Golden globes trophy hero

Culture Fail of the Month: The Golden Globes

The Golden Globes is a well-known awards show that recognizes outstanding achievement in motion pictures and television, and the second most popular behind the Academy Awards (also known as the Oscars). What most people don’t know, however, is that the Globes are determined by fewer than 90 international journalists, many of whom don’t even work full-time in the profession.

Recently the show has been subject to severe criticism for another issue that was previously not well known: not a single one of those journalists is Black.

In years past, the lack of diversity of the Hollywood Foreign Press Association (HFPA)—which votes on and runs the awards—was overlooked and ignored. But a lawsuit by Norwegian entertainment journalist Kjersti Flaa, coupled with the snubbing of several high-profile films created by or starring Black filmmakers and actors, gave way to a series of unflattering exposés, citing corruption, self-dealing, and ethical lapses on the part of HFPA members. All in a year in which such films dominated other awards shows, including the Oscars.

Ironically, it was only after the HFPA announced planned reforms—its own culture renovation—that NBC cancelled the 2022 show.

To attempt to rectify the situation, the HFPA announced it would add 20 new members by August, with a focus on diversity, by the end of 2022. For NBC, that wasn’t fast enough, as it would mean another awards season with presumably few changes.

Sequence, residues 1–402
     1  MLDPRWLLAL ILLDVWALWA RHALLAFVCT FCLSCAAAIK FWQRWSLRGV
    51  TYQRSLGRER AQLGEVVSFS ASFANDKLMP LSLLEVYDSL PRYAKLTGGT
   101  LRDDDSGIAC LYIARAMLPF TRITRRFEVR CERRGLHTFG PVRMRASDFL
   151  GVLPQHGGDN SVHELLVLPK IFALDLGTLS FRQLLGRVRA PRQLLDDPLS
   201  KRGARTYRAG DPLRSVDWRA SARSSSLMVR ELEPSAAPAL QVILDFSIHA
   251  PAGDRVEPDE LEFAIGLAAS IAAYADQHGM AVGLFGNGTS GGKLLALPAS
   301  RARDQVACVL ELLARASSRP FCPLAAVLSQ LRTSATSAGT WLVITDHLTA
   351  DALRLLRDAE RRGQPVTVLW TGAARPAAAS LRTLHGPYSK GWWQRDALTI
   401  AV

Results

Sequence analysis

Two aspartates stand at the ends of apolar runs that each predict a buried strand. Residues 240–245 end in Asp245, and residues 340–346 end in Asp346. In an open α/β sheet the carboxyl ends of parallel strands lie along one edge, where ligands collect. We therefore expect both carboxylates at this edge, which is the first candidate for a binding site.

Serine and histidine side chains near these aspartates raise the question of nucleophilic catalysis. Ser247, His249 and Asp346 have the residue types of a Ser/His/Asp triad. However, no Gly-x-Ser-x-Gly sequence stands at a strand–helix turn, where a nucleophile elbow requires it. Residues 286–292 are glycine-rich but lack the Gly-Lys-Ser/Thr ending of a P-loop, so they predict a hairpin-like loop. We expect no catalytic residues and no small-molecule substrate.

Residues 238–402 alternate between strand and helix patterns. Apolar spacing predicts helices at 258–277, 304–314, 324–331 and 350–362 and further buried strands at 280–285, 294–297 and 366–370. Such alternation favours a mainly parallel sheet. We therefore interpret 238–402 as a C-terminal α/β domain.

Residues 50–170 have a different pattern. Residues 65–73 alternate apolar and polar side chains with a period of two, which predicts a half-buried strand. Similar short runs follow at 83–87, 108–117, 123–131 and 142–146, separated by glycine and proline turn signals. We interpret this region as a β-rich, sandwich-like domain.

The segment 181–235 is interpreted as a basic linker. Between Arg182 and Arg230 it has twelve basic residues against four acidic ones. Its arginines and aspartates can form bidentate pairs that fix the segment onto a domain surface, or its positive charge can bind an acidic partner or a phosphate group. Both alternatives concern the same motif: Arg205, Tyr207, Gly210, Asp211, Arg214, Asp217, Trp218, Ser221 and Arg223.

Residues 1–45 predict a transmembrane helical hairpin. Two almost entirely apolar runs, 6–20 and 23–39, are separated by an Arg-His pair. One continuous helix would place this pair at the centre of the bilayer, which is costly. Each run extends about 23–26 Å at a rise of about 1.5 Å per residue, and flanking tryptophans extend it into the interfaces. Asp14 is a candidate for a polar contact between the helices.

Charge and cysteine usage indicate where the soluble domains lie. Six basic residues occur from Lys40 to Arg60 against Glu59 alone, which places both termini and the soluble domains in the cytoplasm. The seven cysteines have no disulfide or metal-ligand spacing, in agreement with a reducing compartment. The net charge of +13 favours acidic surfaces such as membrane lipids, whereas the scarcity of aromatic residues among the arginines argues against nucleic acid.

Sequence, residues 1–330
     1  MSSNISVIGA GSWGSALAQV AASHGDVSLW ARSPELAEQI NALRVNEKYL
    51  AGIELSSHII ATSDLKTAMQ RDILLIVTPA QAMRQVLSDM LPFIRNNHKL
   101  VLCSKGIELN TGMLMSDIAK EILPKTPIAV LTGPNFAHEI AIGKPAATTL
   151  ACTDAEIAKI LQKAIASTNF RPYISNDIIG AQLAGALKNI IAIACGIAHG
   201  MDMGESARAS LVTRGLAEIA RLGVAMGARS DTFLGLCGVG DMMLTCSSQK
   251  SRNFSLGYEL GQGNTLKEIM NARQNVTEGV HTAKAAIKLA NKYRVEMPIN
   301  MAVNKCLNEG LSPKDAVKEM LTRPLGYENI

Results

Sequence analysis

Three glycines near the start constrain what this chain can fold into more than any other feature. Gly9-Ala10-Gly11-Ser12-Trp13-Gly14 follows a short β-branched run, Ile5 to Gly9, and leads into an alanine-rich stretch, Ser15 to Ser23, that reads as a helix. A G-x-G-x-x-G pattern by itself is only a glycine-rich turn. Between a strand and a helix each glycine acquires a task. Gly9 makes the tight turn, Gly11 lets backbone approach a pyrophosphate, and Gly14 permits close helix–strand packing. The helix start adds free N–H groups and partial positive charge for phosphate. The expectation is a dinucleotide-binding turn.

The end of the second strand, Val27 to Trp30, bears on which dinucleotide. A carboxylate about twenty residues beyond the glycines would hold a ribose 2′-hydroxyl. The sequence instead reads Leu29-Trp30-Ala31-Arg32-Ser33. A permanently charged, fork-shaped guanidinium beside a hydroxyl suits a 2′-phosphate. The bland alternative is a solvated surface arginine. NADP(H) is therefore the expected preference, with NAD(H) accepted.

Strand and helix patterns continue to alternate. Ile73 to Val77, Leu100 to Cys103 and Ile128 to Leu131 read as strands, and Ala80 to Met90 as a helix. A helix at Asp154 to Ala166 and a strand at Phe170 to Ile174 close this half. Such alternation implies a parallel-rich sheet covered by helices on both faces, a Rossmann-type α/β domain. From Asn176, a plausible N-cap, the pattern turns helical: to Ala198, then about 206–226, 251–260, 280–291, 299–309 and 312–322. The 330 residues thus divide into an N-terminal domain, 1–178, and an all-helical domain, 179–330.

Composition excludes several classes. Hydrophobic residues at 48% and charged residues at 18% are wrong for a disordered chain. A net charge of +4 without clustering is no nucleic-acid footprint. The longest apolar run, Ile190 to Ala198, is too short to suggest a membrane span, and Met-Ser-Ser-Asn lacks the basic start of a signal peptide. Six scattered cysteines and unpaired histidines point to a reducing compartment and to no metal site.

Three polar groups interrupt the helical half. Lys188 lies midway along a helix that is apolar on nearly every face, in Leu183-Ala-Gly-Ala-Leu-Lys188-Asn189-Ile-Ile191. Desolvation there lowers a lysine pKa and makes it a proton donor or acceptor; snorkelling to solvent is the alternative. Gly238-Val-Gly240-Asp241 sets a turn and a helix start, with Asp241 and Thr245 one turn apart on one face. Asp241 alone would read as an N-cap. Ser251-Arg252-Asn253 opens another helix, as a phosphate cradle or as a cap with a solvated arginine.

i4cp’s research, as highlighted in Culture Renovation, shows that this is exactly the kind of culture change initiative that tends to fail. Organizations that decide to change driven only by the result of a downturn in business—or in this case, terrible publicity—versus proactively changing culture to better perform in the future.

In the very first chapter, there is a section titled “Complacency breeds failure.” The Golden Globes, reveling in access to celebrities and the positive attention of studios and their PR firms willing to dole out millions of dollars to earn their votes (as has been reported extensively, the entertainment industry was complicit in turning a blind eye), epitomizes complacency. The HFPA had plenty of opportunities to recognize what was wrong internally and renovate its culture but, like many complacent organizations, refused to act until it was too late.

They also failed to scan the environment and sense what would happen in the future. Clearly, this was coming: The Oscars have been criticized for years for its disproportionate number of award nominees in categories comprised entirely of “old white males” year after year. And while they have been slow to effect change, they have at least committed to it publicly and spelled out the details of how they plan to change and the actions they will take. It may be late in coming, but it’s a step in the right direction.

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Kevin Oakes
Kevin is the CEO and co-founder of i4cp. He is a world-recognized thought leader on the topics of corporate culture, the future of work, and learning, and is the author of the bestselling book Culture Renovation: 18 Leadership Actions to Build an Unshakeable Company.